2005 Beauséjour-Duffau, St-Emilion

SKU #1095292 92-94 points Wine Spectator

 Fabulous aromas of blackberry, licorice and flowers. Wonderful nose. Full-bodied, with racy tannins and a long finish. This is powerful and rich. This is very long and velvety. Gorgeous. The winemaker here thinks it could match the great 1990 and 1989. Almost classic quality. (JS)  (6/2006)

91 points Robert Parker's Wine Advocate

 While no one will confuse the 2005 with this estate’s prodigious 1990, it is an outstanding effort from one of St.-Emilion’s finest terroirs. In terms of potential, the vineyard is exceeded only by Ausone, Pavie and Belair for micro-climate and exposition. A beautiful dark ruby/purple color is accompanied by an ethereal nose of blueberry liqueur, spring flowers, melted licorice, raspberries, and crushed rocks. Medium-bodied with good acidity, sweet but high tannin, a broad mouthfeel, and admirable elegance as well as freshness, this beauty should age easily for 25+ years. Anticipated maturity: 2015-2035. (RP)  (4/2008)

91 points Stephen Tanzer's International Wine Cellar

 Medium red-ruby. Very ripe aromas of black cherry and licorice; slightly liqueur-like. Intensely flavored and gripping, with impressive power and a serious spine to the sweet black cherry flavors. Finishes with sneaky length and excellent backbone for aging. Aeration brought more minerality and more sweetness. 91+ (ST)  (5/2008)


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Price: $79.99
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Varietal:

Cabernet Sauvignon and Blends

- Cabernet Sauvignon has come a long way from its role as a blending varietal, however dominant, in the wines of Bordeaux. Today it is the most planted red varietal in the world. Identified as a descendent of Cabernet Franc and Sauvignon Blanc, the late-ripening Cabernet Sauvignon needs to be planted in warmer climates to fully ripen. Its small berries can easily be identified for their distinctive blue color, thick skins and high tannins. And while the varietal has its own definitive characteristics: green pepper-like aromas and black currant flavors among them, it is perhaps most prized for its ability to convey terroir, vintage and winemaking. A relatively new varietal, Cabernet Sauvignon started making inroads into the wines of the Médoc and Graves in the late-18th century. Today it is also dominant in the up-and-coming Entre-Deux-Mers region of Bordeaux and can also be found in Southwest France. It is the companion varietal to Sangiovese in Italy's Super Tuscans and is planted all over Europe, stretching to lesser-known winegrowing regions like Russia and Lebanon. In the Americas Cabernet Sauvignon has found champions in every nook and cranny of California and among winemakers in Washington, where it complements plantings of Merlot. In South America, Cab thrives in Chile, but can also be found in smaller amounts in Argentina and even in Mexico.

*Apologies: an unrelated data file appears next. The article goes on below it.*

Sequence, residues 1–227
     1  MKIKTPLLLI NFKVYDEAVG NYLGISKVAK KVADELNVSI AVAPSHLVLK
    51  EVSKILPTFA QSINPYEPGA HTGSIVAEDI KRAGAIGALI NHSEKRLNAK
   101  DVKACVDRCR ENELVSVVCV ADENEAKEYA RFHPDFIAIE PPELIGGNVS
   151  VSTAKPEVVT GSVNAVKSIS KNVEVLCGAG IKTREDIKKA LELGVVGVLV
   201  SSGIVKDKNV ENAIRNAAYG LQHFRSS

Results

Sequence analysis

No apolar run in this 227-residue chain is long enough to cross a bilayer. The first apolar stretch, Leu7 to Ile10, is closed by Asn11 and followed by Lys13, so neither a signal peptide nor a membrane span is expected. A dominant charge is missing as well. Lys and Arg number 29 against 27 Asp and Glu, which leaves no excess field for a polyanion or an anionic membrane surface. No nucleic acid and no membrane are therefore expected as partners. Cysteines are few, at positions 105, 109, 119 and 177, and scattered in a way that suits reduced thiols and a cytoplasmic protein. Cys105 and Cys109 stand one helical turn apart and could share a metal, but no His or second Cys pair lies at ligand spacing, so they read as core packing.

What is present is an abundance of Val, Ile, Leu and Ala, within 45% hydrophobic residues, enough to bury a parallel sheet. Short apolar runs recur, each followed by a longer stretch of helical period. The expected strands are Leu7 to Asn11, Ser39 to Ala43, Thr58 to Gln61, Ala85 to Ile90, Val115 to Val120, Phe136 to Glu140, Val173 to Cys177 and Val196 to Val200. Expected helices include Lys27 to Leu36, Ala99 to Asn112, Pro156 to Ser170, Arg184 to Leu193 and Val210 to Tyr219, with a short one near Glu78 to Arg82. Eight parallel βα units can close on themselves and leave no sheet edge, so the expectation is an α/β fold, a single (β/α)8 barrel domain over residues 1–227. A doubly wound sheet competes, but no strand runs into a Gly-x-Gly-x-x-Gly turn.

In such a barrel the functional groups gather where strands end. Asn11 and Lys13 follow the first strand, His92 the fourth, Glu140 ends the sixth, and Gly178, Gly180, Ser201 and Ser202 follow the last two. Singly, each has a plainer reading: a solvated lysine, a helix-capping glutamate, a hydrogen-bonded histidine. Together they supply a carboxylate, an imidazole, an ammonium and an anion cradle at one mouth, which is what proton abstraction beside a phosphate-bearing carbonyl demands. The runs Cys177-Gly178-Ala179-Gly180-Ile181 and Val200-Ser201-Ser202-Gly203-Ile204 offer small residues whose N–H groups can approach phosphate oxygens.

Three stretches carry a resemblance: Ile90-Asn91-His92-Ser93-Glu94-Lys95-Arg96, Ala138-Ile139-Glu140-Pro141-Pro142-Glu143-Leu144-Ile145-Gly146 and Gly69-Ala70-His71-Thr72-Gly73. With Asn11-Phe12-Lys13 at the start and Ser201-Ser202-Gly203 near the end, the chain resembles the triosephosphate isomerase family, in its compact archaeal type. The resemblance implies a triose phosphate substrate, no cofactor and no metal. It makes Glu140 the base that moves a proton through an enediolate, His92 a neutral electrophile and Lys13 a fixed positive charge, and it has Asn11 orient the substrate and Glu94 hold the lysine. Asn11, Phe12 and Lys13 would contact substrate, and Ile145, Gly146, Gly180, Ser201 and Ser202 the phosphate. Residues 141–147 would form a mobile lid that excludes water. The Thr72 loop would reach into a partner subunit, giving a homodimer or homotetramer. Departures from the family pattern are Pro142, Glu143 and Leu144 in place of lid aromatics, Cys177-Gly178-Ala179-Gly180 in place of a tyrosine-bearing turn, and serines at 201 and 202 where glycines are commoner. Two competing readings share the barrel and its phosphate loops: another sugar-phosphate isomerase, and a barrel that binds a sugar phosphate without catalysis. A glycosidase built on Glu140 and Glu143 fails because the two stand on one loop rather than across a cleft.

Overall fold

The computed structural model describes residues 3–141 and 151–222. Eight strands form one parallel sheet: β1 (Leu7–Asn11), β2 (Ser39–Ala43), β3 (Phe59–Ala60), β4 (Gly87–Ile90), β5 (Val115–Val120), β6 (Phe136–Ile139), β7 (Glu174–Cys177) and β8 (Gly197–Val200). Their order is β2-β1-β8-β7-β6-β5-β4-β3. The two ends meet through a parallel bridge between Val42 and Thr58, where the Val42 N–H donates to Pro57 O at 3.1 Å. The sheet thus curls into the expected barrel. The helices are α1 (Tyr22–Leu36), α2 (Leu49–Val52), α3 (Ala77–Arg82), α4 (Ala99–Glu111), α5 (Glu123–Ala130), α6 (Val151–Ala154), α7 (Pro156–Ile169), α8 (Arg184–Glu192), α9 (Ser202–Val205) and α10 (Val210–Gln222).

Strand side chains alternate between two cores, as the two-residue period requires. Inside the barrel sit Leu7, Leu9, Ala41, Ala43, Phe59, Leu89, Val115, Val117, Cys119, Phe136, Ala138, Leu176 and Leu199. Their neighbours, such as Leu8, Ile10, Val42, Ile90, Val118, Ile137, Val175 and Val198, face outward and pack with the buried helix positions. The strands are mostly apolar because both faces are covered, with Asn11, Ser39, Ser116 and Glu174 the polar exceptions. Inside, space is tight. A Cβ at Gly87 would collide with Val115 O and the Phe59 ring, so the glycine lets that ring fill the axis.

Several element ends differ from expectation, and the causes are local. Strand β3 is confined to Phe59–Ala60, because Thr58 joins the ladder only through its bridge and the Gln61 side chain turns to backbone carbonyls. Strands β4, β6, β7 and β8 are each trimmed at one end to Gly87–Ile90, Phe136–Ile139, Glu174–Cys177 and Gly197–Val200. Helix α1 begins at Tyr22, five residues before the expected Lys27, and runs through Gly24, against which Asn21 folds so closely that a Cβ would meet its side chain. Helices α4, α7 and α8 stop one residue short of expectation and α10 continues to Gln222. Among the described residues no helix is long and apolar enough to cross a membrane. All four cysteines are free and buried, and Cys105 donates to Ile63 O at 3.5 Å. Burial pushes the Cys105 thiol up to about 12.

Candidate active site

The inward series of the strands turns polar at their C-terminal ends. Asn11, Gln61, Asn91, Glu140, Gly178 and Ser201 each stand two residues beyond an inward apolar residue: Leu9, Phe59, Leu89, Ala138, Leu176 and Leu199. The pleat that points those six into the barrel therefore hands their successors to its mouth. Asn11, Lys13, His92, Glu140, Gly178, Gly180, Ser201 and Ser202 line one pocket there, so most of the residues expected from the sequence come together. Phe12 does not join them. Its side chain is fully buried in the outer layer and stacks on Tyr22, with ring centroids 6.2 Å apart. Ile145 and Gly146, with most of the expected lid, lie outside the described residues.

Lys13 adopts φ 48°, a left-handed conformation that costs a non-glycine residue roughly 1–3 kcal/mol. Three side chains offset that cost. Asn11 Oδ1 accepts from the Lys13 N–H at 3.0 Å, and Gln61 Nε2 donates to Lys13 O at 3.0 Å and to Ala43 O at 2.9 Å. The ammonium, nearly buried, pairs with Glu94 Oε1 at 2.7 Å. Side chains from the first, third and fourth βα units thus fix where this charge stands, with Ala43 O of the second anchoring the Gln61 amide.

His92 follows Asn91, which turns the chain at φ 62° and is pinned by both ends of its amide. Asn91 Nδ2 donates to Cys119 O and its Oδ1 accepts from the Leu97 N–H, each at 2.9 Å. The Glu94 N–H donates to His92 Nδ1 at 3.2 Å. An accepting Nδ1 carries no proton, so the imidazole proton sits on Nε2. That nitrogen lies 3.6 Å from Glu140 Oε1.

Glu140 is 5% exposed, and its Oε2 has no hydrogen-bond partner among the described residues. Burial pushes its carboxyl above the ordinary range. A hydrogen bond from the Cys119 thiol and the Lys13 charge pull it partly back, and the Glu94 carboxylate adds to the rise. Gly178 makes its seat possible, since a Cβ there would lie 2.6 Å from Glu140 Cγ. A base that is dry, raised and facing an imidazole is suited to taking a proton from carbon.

Country:

France

- When it comes to wine, France stands alone. No other country can beat it in terms of quality and diversity. And while many of its Region, Bordeaux, Burgundy and Champagne most obviously, produce wine as rare, as sought-after and nearly as expensive as gold, there are just as many obscurities and values to be had from little known appellations throughout the country. To learn everything there is to know about French wine would take a lifetime. To understand and appreciate French wine, one only has to begin tasting them.
Sub-Region:

Bordeaux

Specific Appellation:

Saint Emilion